Monday, June 1, 2009

Passion Capital at BIO

by Margaret Anderson, COO, FasterCures
Is venture philanthropy the new venture capital? The FasterCures-organized session at BIO focused on this question and highlighted the similarities and differences in the two. The panel featured a terrific lineup of:
First up, the topic of “how bad is it out there with respect to funding?” Mark Simon has been involved in raising capital for life science companies for years and sees venture philanthropy as a great option for companies , especially when you see the statistics of how few biotechs currently have enough cash for long-term stability. According to BIO, 99 companies are operating with less than six months' worth of cash, which accounts for 25 percent of all public U.S. biotech companies. The vast majority of America's biotechnology companies are small, research and development focused companies with fewer than 100 employees. Simon was concerned that we stand to lose valuable scientific opportunities in biotech as funding continues to be elusive.

As for how the venture philanthropy groups view their mission, it turns out failure is an option. “There will be failures, this funding from organizations like ours is not a panacea,” said Bob Beall of the CF Foundation. Eric Olson of Vertex spoke of the pass-off from CFF where they take the funding baton after CFF funds discovery. The synergy with Vertex and the other companies CFF partners with wasn’t always so easily found. Turns out Bob had to pass through the phase where there were a lot of calls unanswered from biotech in his early days at CFF. Expectations must be realistic on both sides for these relationships to work, reflected Beall.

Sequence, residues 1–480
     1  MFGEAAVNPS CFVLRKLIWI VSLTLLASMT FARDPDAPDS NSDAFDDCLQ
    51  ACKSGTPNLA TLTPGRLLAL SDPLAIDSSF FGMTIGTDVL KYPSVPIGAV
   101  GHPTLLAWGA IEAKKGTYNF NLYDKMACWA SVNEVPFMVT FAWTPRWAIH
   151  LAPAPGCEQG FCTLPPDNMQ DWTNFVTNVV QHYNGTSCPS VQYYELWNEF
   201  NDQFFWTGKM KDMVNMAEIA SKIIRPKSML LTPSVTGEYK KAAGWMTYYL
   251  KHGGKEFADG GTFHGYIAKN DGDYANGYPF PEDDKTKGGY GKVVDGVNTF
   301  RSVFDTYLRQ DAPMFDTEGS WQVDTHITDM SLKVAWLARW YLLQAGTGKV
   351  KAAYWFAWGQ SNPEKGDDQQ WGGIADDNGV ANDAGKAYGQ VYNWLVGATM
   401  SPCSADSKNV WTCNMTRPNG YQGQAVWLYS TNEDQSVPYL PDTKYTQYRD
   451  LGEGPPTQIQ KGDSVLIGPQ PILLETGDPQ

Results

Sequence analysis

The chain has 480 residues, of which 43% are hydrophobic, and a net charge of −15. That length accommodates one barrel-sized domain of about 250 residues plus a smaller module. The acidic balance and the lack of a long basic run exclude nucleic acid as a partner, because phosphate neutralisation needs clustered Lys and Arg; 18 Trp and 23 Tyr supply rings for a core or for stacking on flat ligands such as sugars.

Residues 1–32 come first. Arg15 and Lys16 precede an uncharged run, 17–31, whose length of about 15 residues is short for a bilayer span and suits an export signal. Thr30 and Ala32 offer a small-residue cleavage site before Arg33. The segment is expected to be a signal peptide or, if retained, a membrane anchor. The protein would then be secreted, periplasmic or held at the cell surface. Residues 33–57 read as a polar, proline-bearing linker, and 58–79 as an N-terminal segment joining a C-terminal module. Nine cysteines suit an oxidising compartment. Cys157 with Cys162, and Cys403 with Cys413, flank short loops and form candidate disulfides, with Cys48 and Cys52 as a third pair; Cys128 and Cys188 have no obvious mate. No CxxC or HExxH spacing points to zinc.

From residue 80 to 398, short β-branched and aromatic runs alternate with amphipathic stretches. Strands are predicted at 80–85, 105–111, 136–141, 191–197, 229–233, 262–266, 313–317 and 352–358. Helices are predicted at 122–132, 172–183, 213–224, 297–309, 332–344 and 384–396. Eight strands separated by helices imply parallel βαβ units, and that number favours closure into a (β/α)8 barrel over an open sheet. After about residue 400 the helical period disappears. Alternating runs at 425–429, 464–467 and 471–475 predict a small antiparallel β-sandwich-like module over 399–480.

Katie Hood of the Fox Foundation talked about how one size doesn’t fit all. They are driven by different imperatives in terms of their disease state as well as their pipeline , which has resulted in different types of relationships with companies; what they have in common with foundations like CFF is that they are trying to remove risk for companies potentially interested in investing in their disease. Katie also discussed PD Online, which they are launching to provide a collaborative space for discussion and problem-solving in PD research.
Even though philanthropic research funding accounts for only two percent of total health research funding, it's a small but substantial source for novel, high-risk research that might not be able to compete successfully for public funds. It fills gaps in funding research that is high risk but also with potential of high return.

So, is venture philanthropy the new venture capital? Not exactly, but it is an exciting new kind of collaboration that can bring benefits -- funding, but also intelligence, relationships, and access to patients -- to companies and to foundations.

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